There’s such a buzz around coworking these days, it’s hard to imagine that a decade ago there were less than 200 coworking spaces worldwide. By 2017, that had shot up to 15,000 and another year later it will have almost doubled again, with global coworking space members set to number nearly 4 million in 2020.

London alone is home to more than 10 million square feet of coworking office space, dominated by WeWork, which became the city’s largest corporate office occupier in 2018. But there are also hundreds of smaller spaces across the country – from women’s only concepts like We Heart Mondays and One Girl Band to coworking spaces focused on specific industries, from media to education.

The premise is simple and certainly works in theory. Freelancers get the best of both worlds – the autonomy to work on their own business and the benefits of working with ‘colleagues’ in a space designed for work, the community, the accountability, the productivity. But what do freelancers really think? Are we paying out to get less done than we do at home?

 

DISTRACTED BY PEOPLE 

Business mentor and marketing strategist Natalia Komis thinks so – for her at least. “I like to be in my own space when I’m working and have that focus, clear space and clear energy so I can get on with it and not have distractions from other people, because it’s mostly people that distract me rather than tasks,” she says.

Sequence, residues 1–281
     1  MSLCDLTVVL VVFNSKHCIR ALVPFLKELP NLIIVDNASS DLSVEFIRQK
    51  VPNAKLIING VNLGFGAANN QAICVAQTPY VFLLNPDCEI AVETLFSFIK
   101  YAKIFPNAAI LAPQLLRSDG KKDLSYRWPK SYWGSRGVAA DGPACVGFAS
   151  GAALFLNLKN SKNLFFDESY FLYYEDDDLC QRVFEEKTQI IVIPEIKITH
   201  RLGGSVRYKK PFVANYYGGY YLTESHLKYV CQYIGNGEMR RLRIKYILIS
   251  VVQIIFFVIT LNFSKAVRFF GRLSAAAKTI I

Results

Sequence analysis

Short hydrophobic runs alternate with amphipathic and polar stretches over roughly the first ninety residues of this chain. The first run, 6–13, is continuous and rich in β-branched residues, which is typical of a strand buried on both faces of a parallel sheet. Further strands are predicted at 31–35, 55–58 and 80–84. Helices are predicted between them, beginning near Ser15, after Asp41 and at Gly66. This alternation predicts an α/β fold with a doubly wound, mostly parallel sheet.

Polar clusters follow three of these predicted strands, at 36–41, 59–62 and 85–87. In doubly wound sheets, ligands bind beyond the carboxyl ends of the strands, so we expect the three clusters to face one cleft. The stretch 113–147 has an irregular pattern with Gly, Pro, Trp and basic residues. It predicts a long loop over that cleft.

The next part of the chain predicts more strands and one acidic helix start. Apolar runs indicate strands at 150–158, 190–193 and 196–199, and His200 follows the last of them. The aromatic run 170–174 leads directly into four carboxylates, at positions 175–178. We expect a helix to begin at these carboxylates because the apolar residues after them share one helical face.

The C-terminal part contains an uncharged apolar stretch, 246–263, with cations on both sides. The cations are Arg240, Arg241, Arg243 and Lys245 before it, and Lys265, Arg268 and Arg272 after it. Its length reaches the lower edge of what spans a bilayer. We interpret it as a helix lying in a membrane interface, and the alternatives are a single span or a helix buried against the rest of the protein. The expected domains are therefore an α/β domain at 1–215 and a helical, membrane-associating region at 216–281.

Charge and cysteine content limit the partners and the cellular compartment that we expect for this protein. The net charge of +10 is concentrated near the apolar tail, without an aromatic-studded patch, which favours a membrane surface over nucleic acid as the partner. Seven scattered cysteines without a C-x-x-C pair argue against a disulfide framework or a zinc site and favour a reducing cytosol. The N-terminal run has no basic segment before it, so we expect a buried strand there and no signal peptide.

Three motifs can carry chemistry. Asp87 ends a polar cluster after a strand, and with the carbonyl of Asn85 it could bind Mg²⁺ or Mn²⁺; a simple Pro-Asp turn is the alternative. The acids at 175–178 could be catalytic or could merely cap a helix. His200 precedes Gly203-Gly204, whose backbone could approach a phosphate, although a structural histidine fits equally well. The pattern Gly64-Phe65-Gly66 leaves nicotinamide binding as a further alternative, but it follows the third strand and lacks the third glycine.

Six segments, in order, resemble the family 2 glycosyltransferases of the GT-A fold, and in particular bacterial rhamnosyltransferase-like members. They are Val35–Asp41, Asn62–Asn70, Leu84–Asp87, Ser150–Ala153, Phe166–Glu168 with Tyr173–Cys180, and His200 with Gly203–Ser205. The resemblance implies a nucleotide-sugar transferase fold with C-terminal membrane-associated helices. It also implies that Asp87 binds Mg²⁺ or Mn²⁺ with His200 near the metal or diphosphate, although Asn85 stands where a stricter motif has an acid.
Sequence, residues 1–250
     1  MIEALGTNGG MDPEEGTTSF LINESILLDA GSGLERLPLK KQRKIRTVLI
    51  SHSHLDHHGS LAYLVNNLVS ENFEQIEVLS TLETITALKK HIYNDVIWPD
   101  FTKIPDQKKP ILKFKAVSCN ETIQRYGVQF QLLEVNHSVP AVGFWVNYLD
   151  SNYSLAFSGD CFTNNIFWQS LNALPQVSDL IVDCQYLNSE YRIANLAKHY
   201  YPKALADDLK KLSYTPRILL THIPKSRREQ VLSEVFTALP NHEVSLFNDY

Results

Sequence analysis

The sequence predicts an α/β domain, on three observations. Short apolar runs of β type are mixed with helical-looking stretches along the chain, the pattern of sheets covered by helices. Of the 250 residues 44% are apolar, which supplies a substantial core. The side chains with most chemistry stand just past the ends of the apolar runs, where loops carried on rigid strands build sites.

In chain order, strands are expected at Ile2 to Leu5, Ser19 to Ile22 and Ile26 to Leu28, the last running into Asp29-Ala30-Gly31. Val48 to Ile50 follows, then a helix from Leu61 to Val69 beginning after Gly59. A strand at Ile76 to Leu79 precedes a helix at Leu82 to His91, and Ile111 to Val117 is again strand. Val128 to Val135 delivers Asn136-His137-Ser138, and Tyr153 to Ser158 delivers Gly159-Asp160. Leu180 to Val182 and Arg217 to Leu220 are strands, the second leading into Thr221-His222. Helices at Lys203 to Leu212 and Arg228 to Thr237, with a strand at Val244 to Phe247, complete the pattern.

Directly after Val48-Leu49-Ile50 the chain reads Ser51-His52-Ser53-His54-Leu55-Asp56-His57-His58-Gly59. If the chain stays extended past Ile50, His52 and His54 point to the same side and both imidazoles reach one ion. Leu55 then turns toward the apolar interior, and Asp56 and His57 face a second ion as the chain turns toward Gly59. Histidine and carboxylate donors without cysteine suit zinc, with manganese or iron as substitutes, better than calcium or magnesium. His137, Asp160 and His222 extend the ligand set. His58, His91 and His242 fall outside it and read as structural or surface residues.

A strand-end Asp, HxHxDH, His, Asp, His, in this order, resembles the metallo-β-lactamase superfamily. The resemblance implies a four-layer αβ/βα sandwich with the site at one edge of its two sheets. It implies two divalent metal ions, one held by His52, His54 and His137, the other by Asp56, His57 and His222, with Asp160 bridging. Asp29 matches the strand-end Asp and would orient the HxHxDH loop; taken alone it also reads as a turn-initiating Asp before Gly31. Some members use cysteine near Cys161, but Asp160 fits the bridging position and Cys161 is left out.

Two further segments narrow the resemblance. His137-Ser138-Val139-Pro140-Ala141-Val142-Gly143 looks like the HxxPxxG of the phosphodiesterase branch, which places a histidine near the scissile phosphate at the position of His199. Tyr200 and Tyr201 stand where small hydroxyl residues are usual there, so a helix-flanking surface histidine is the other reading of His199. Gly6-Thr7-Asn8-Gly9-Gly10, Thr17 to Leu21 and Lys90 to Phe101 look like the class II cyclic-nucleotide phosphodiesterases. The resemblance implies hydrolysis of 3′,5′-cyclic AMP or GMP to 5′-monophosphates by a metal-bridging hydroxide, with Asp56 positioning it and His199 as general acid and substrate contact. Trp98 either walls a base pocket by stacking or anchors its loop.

“I also feel a little bit like it’s basically creating the same corporate environment everyone seems to be running away from. One of the reasons I started my own business Remote Mission, which promotes remote working, is so that people don’t feel like they have to be in the office environment. I feel like coworking spaces are becoming another trap where people feel guilty that they’re not in a coworking space.”

Brenda Della Casa, who runs branding and content agency BDC Digital Media, isn’t a fan of coworking either. “While there are those who enjoy these spaces, there are some, like myself, who find them distracting and assembly line like,” she says.

“As a writer and strategist, I need to focus and single task. When working in a shared space, I am constantly interrupted, either directly or indirectly, which forces me to multitask – something that only 2% of the population can do. The rest of us lose up to 40% in productivity.”

 

DISTRACTED BY TASKS 

I have a different take. Because I’ve forked out a chunk of my hard-earned freelance wages to be at a coworking space, I have extra motivation to be productive. Plus, just the fact of having other freelancers with their heads down around me encourages me to do the same.

I’m not on my own. After downsizing from an agency set-up to a one-man-band, freelance graphic designer Nic Aylett tried working at home for three months but found that not only was he distracted by household chores – “one afternoon I found myself up in the loft and thought ‘What am I doing here?’” he laughs – but the lines between work and home were blurring.

“When you’re a one-man band, it can be quite lonely and uninspiring working from home. There can also be issues when you want to clock off because your brain thinks it’s in the place where you work.”

Just over two years ago he signed up to a coworking space within walking distance of his home in Croydon – TMRW – and hasn’t looked back. “I feel that I’m more focused because I’m in a work environment without any of the distractions of home,” he says. “This is work time.”